We’ve selected these apps based on their quality, user reviews, and overall reliability as a source of support for people living with RA. If you want to nominate an app for this list, email us at firstname.lastname@example.org.
When you have an autoimmune disorder like rheumatoid arthritis (RA), symptoms can vary, both in severity and frequency. To best manage your RA, it’s important to track symptoms, monitor medications, and remember doctor’s appointments.
That sounds like a lot of work, but the right app can make it much easier.
Geared as a way to track daily health and exercise data, HealthLog can help you keep tabs on things like blood pressure, mood, weight and BMI, workouts, water intake, doctor’s appointments, and more. While it’s not designed specifically for those living with RA, it’s a good way to keep a record of your overall health and fitness, which can shed light on how well you’re managing your disorder. The app also includes a feature for tracking nutrition.
This app was created specifically for people living with RA, which means you can use it to track your symptoms and create visual snapshots of data unique to you. Symptoms of RA can change rapidly from one day to the next, and MyRA makes it easy to track those fluctuations. From an overall big picture to specifics like joint pain, morning stiffness, fatigue, and daily functioning, this app misses nothing. Track medications and lab results, and easily share your information with your doctor.
My Pain Diary
A person with chronic pain created this app to track pain, symptoms, and triggers. By compiling this information, the app can create detailed reports to help you better manage your pain. It’s highly customizable to your needs, with interactive graphs and color-coded calendars that highlight patterns and trends. Use this app to maintain an accurate record of your condition and share your findings with your doctor.
Track + React
This arthritis app was created to help you understand how your activities impact your disorder. By tracking things like nutrition, fitness, sleep, medications, and mood — plus symptoms, pain level, and stiffness — you can immediately make useful cause-and-effect connections. Use the Arthritis Impact graph to identify trends, and switch to the web application to easily share the graph with your doctor.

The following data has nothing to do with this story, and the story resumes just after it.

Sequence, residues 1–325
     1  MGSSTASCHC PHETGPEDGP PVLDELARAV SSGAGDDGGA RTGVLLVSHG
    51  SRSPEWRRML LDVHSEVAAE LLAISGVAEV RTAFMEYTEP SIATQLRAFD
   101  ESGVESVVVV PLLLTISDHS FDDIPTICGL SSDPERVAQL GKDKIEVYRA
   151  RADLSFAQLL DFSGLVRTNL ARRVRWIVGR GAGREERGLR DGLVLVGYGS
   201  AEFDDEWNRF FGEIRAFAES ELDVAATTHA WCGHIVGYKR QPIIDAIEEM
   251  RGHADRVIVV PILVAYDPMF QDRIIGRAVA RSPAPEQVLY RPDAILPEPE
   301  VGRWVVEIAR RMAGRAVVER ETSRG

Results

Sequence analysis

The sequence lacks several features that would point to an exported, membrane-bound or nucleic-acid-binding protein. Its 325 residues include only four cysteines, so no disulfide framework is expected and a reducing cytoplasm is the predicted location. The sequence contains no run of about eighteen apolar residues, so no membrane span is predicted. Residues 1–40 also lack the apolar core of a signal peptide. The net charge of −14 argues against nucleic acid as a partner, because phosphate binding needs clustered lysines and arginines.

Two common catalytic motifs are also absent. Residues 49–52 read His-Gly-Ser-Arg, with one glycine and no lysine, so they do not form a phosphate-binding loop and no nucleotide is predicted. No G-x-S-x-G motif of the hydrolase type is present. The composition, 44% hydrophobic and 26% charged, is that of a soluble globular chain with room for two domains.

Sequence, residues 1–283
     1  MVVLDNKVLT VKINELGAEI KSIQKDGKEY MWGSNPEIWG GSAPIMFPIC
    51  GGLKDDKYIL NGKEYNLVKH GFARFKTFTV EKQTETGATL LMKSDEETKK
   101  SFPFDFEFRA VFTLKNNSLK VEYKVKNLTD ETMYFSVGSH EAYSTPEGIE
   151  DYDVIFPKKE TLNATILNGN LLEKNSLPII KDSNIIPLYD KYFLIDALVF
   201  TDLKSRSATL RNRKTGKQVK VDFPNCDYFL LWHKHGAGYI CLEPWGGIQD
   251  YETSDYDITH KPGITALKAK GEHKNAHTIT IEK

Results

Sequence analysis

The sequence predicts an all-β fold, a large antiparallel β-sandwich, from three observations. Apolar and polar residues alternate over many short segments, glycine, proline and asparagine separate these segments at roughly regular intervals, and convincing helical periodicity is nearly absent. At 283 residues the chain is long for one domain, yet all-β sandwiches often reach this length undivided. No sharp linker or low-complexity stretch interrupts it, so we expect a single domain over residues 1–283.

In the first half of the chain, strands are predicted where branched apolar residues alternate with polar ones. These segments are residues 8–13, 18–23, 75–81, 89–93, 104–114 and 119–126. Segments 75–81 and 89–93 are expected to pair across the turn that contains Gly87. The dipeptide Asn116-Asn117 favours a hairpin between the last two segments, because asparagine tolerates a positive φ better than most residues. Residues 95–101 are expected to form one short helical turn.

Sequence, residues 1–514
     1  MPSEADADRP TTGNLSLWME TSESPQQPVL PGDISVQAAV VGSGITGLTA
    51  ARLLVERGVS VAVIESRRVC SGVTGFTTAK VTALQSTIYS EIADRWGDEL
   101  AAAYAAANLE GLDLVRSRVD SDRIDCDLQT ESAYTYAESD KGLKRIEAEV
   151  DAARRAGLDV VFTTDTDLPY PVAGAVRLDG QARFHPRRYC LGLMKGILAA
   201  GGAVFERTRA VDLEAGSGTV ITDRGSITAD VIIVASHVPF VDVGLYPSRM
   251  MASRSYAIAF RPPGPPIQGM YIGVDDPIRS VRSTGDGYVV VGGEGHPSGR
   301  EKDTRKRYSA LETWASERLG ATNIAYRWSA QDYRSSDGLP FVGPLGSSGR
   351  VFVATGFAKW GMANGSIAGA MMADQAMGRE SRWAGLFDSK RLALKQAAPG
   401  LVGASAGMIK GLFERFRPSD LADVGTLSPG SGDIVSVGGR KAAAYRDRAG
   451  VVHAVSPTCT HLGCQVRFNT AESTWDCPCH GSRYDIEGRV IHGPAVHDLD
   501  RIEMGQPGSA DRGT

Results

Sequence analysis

The Rheumatoid Arthritis Vital Education app is from the John Hopkins University School of Medicine. It’s geared toward rheumatologists and includes a diagnostic calculator, disease activity measures, and a medication guide.
Another app designed with the rheumatologist in mind, RheumaHelper is billed as a mobile rheumatology assistant. With several disease activity calculators and classifications for a number of conditions, it’s an excellent reference tool.
Body Pain Management Hypnosis
Hypnosis is described by this app as a state of heightened suggestibility that allows the subconscious to accept suggestions. This app was created by a certified hypnotherapist to help alleviate physical and emotional pain. Relax and participate in a hypnosis session, or learn more about the benefits of hypnosis for chronic pain.
Rheumatoid Diseases @Point of Care
Designed for clinicians, the @Point of Care app makes it simple to access evidence-based and disease-specific medical content. This information makes it easier and faster to make decisions about treatments to improve patient outcomes. The app features continually updated content about diagnoses, treatment, and care management developed by physician authors. Plus it has access to patient-recorded data, education resources, and surveys and peer polling.
This simple yet intuitive app works as a virtual assistant to help you manage and track everything from disease activity to medications, doctor’s appointments, and lab results. Tracking your disease activity can help you to better visualize your progress and set goals for managing your RA.
Jessica writes about pregnancy, parenthood, fitness, and more. About 10 years ago, she was a copy writer at an ad agency before switching to freelance writing and editing. She could eat sweet potatoes every day. Find out more about her work at www.jessicatimmons.com.